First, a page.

Anagarika Dharmapala is one of the most galvanizing figures in Sri Lanka’s recent turbulent history. He is widely regarded as the nationalist hero who saved the Sinhala people from cultural collapse and whose “protestant” reformation of Buddhism drove monks toward increased political involvement and ethnic confrontation. Yet as tied to Sri Lankan nationalism as Dharmapala is in popular memory, he spent the vast majority of his life abroad, engaging other concerns. In Rescued from the Nation, Steven Kemper reevaluates this important figure in the light of an unprecedented number of his writings, ones that paint a picture not of a nationalist zealot but of a spiritual seeker earnest in his pursuit of salvation.
Drawing on huge stores of source materials—nearly one hundred diaries and notebooks—Kemper reconfigures Dharmapala as a world-renouncer first and a political activist second. Following Dharmapala on his travels between East Asia, South Asia, Europe, and the United States, he traces his lifelong project of creating a unified Buddhist world, recovering the place of the Buddha’s Enlightenment, and imitating the Buddha’s life course. The result is a needed corrective to Dharmapala’s embattled legacy, one that resituates Sri Lanka’s political awakening within the religious one that was Dharmapala’s life project.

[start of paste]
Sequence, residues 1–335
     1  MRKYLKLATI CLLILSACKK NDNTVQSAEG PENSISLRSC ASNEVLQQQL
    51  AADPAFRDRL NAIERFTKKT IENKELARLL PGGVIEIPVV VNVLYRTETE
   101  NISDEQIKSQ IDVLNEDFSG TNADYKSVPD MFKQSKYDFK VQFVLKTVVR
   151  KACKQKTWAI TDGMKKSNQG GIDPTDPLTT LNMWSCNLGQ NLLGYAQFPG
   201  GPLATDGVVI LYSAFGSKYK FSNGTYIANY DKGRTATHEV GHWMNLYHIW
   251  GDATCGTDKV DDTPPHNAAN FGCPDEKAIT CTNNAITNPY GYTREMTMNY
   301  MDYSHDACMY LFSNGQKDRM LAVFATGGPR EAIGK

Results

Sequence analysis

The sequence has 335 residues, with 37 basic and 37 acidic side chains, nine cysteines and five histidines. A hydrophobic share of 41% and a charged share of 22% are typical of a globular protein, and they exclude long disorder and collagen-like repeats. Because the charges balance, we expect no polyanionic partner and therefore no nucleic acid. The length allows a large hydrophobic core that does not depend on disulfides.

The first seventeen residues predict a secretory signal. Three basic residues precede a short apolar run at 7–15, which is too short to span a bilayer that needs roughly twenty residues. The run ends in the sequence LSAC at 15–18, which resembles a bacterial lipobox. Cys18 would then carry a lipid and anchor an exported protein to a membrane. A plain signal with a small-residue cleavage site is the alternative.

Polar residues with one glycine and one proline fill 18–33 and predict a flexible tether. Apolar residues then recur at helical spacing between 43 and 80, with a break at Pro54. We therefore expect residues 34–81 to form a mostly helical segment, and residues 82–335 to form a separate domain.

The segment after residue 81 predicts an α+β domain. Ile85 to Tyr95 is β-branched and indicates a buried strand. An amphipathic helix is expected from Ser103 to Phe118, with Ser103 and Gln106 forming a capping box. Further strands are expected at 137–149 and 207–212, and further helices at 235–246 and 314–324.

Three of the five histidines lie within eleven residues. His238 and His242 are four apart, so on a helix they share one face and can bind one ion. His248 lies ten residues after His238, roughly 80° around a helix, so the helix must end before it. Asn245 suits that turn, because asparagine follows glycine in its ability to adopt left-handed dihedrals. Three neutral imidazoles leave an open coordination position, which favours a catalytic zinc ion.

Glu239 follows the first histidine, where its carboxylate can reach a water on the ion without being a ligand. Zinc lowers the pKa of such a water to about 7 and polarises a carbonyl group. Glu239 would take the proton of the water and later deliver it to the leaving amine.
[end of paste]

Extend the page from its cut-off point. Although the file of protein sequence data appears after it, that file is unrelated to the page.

Thuppahi's Blog · This web site presents the interventions of MICHAEL ROBERTS in the public realm with reference to Sri Lankan political affairs. It will embrace the politics of cricket as well. ROBERTS was educated at St. Aloysius College in Galle and the universities of Peradeniya and Oxford. He taught History at Peradeniya University and Anthropology at Adelaide university. He is now retired and lives in Adelaide.